The post-Thanksgiving weekend is always slow at the box office, but this year’s was more lethargic than usual, down 13% from 2009. Still, Disney’s “Tangled” managed some sheen, and “Black Swan” and “The King’s Speech” were smart in the specialty world.
The weekend had just one new wide release, and most of the lower-ranking top 10 titles performed modestly.
Disney’s “Tangled,” which benefited from a better-than-expected start and a strong soph sesh hold, posted an estimated $21.5 million from 3,603 locations, down just 56%. The toon’s Thanksgiving hold is the second best for Disney behind that of “Toy Story 2,” which dropped 52% in 1999. Warner Bros.’ “Harry Potter and the Deathly Hallows: Part 1” dropped to No. 2 with an estimated $16.7 million for a 66% decline from last weekend’s holiday period.
Meanwhile, the weekend’s only wide release, martial arts-Western actioner “The Warrior’s Way,” fell short of pre-release expectations. Pic, with Relativity Media servicing its first sole distribution deal, was expected to land near $5 million for the three days but nabbed an estimated $3.1 million from 1,622.
Several specialty titles, however, held their own this weekend, including Fox Searchlight’s “Swan” and the Weinstein Co.’s “Speech.”
“Black Swan,” a psychological thriller set in the world of ballet wasn’t an easy sell, but it became Searchlight’s all-time highest per-screen average opener: $77,459 from 18 locations. That per-screen perf is this year’s second-highest behind the opening for “The King’s Speech.” In its second frame, latter posted another noteworthy showing, with $325,804 from six locations for a per-screen average of $54,312 and cume of $809,000. Both pics are poised for platform rollouts through the holidays.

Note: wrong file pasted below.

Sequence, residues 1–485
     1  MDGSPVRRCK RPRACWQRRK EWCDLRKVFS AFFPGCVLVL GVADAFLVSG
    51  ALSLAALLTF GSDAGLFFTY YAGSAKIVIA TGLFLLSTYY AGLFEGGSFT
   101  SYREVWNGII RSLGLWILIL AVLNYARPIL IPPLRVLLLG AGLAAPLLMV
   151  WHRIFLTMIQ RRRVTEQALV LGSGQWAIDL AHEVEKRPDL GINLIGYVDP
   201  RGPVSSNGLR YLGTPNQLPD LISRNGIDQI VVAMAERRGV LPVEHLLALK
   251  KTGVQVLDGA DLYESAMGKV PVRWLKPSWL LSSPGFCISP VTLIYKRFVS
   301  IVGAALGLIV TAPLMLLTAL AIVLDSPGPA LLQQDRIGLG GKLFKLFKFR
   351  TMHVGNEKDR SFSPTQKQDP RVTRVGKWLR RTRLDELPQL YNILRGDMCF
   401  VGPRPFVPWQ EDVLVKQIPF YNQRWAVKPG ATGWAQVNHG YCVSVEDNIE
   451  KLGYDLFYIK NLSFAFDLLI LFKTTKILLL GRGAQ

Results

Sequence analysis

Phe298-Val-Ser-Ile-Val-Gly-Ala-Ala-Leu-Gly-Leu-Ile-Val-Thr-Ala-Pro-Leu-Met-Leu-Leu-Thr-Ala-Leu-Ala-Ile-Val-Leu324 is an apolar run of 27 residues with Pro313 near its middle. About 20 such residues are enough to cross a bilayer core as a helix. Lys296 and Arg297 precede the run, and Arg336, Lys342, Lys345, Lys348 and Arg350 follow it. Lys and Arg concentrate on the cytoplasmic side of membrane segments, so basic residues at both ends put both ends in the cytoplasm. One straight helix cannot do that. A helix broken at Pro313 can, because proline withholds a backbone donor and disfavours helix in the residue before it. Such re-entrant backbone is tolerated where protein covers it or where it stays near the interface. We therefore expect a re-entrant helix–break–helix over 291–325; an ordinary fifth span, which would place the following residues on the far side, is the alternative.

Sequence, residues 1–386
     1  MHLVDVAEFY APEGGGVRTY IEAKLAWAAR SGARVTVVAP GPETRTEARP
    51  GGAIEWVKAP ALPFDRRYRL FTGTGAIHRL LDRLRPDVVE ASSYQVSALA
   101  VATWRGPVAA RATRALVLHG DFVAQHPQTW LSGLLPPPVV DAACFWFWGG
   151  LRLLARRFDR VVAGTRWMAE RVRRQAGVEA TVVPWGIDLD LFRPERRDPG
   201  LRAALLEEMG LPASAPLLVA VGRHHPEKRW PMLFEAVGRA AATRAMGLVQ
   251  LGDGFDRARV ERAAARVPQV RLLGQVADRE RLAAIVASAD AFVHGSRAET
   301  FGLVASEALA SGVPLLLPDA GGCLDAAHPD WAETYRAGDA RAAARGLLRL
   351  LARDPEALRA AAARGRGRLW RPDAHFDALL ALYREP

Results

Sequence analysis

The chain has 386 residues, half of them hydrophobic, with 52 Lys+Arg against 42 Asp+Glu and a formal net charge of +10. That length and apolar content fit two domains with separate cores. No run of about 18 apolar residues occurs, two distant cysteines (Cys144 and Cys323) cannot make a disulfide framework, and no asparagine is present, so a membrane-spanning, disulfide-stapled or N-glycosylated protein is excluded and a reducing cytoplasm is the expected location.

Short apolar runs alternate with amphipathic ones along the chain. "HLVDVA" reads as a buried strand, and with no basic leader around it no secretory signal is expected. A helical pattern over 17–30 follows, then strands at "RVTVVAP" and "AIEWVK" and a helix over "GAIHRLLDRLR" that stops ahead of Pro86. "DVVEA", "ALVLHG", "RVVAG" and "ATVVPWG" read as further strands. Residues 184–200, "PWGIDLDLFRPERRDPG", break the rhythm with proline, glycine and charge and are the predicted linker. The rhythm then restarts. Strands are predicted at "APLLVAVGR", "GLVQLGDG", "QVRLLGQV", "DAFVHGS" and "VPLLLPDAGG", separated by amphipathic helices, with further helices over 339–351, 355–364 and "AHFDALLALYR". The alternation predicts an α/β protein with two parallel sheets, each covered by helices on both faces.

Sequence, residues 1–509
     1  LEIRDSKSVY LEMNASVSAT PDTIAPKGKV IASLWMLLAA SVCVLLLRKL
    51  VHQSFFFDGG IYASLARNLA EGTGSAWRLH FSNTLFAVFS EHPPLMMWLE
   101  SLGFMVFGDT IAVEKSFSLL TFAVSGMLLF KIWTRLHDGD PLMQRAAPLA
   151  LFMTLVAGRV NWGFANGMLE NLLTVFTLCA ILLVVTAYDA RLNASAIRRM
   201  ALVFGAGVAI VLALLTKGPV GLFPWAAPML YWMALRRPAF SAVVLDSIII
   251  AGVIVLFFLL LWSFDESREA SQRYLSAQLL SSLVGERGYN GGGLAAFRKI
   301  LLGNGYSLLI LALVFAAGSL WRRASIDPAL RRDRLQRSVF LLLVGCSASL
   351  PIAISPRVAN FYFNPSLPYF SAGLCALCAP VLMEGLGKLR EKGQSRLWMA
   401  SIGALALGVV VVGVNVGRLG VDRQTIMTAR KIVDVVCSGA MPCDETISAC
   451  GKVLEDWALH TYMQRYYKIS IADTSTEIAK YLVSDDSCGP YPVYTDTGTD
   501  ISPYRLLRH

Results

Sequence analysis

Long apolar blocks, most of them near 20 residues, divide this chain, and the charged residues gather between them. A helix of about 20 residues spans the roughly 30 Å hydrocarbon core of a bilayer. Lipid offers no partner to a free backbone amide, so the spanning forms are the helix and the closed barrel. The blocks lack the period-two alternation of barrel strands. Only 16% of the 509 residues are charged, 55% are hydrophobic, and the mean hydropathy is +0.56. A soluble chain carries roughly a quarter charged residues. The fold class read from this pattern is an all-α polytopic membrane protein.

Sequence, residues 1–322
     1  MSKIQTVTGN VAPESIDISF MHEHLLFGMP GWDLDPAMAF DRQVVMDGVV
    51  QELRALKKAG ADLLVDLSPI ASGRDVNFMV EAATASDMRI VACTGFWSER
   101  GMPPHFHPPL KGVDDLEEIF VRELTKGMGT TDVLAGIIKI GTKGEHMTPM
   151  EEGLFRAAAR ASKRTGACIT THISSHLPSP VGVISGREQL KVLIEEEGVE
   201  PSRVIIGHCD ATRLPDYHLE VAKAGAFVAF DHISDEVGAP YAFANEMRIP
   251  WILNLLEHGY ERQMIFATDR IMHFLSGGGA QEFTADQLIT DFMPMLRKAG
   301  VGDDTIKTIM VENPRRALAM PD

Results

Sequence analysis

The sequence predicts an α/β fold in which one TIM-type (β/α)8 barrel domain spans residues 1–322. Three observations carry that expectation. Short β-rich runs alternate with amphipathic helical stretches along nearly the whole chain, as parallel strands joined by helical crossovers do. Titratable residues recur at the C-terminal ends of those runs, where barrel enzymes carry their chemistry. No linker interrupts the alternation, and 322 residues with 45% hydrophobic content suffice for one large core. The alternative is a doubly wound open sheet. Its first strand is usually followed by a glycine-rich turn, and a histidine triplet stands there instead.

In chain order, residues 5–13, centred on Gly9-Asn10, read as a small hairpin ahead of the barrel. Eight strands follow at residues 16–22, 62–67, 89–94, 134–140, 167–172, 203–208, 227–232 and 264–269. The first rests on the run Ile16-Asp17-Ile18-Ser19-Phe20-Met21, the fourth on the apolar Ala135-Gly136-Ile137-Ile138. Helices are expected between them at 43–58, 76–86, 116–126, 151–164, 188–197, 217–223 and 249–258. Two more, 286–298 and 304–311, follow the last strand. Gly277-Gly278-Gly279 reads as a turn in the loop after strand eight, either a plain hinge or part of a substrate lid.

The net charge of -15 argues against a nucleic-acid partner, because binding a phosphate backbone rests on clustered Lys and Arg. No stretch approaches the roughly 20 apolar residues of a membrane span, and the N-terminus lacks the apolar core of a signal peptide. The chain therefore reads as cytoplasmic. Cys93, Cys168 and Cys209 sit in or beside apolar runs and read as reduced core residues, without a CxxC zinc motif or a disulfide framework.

Benefiting from holdover expansions, the international market saw considerably more traffic than Stateside multiplexes.
“Tangled” expanded to 15 markets, including debut territories France and Italy, earning an estimated weekend total of $26 million and a cume of $45.8 million. Paramount and DreamWorks Animation’s “Megamind,” which has totaled $48.3 million so far internationally, also broadened its overseas base in anticipation of year-end holidays, adding major markets including Germany, Spain and the U.K. with an estimated $16 million.
While narrowing the gap, neither 3D toon was able to catch top overseas performer “Hallows,” which registered another solid outing for an estimated $54.4 million in 62 territories. Overseas cume for the latest “Potter” pic is $469.1 million.
The weekend’s top domestic players, “Tangled” and “Hallows,” seemed to spark some interest for the frame’s remaining holdover fare though this year’s crop started with smaller grosses over Thanksgiving vs. last year.
According to most B.O. pundits, the week following Thanksgiving also has fewer high-profile releases that studios time for dates closer to Christmas.
Disney prexy of global distribution Chuck Viane said “Tangled” profited from a growing adult aud. Family-driven fare typically takes a hit during this weekend as parents begin their holiday shopping. Toon, which has cumed an estimated $96.5 million, saw stronger evening perfs on Saturday.
“That becomes couples’ night out,” Viane said.